Low-profile organ plays a big role in immune response, study finds,,
THURSDAY, July 30 (HealthDay News) -- Though its reputation doesn't rank down there with the appendix, the spleen isn't exactly known as a vital organ. In fact, plenty of people do fine without it.
But new research suggests the spleen plays a bigger role in the immune system than previously thought.
In mice, scientists found, the spleen serves as a home for a type of white blood cell that scavenges dead tissue and helps produce inflammation, which contributes to healing. In particular, the researchers discovered that the spleen helps the heart recover from disease.
"While the spleen may not be essential for your survival, it plays a crucial role once you are sick," said study author Filip K. Swirski, an immunology instructor at Harvard Medical School.
The findings could lead to a better understanding of the immune system, including its response to cancer, Swirski said. And it definitely improves the profile of a little-understood organ.
It's much more obscure than, say, the liver or kidneys, but the spleen still takes up a lot of space. In humans, it's about the size of a large eggplant and shaped like a kidney, Swirski said.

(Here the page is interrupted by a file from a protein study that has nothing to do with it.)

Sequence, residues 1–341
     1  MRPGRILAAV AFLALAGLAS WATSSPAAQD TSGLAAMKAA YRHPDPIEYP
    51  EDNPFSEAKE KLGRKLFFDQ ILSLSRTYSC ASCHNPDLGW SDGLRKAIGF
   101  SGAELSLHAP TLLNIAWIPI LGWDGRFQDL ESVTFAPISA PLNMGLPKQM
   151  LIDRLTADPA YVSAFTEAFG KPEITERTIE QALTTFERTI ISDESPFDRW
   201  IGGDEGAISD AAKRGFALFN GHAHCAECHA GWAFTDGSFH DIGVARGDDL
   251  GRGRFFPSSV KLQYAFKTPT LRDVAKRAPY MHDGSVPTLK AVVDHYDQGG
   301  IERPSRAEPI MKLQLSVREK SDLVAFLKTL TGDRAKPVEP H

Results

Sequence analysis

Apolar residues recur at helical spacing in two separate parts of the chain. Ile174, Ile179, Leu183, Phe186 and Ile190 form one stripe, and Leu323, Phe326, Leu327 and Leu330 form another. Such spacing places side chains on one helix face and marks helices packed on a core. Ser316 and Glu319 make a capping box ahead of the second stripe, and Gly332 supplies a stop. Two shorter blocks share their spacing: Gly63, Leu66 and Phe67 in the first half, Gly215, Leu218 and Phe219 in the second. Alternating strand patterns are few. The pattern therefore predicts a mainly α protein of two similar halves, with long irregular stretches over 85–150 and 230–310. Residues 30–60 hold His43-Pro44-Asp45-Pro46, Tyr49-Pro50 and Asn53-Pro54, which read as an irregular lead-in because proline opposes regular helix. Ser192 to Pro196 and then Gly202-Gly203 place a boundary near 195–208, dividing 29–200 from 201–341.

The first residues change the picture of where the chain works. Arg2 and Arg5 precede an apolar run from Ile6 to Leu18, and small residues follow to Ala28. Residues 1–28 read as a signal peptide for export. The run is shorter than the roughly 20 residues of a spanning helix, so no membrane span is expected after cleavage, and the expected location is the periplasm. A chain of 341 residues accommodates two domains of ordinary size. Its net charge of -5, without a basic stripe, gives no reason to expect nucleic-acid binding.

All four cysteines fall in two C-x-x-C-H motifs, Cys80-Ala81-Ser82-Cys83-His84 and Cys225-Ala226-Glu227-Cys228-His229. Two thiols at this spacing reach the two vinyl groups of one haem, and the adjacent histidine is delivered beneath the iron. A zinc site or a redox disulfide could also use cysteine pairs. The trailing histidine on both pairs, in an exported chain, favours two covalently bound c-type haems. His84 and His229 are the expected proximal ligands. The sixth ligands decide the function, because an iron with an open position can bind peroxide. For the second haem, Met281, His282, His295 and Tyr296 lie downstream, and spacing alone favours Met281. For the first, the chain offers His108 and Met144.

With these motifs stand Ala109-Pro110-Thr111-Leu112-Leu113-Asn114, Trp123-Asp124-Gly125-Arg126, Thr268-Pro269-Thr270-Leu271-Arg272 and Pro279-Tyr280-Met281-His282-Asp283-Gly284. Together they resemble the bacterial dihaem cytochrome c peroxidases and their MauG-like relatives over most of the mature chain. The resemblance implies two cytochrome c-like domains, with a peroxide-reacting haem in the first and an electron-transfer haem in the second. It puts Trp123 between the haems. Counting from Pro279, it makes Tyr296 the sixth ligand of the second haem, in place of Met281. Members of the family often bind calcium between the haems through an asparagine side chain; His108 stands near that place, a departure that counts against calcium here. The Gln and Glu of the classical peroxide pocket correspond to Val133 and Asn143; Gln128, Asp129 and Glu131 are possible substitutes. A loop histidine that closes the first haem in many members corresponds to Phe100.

Scientists have known that the spleen recycles red blood cells and scans the blood for germs. "It serves as a filtering system," Swirski said. "It captures viruses or bacteria, and can elicit an inflammatory response."
Inflammation -- think of the redness around a wound -- indicates that the immune system is rushing in to defend the body.
But people often do just fine without their spleens. Traumatic injuries, such as those sustained in traffic accidents, often result in surgery to remove the spleen. And surgeons remove spleens from people with some medical conditions, including non-Hodgkin lymphoma.
In their study, the researchers examined mice to see if having a s
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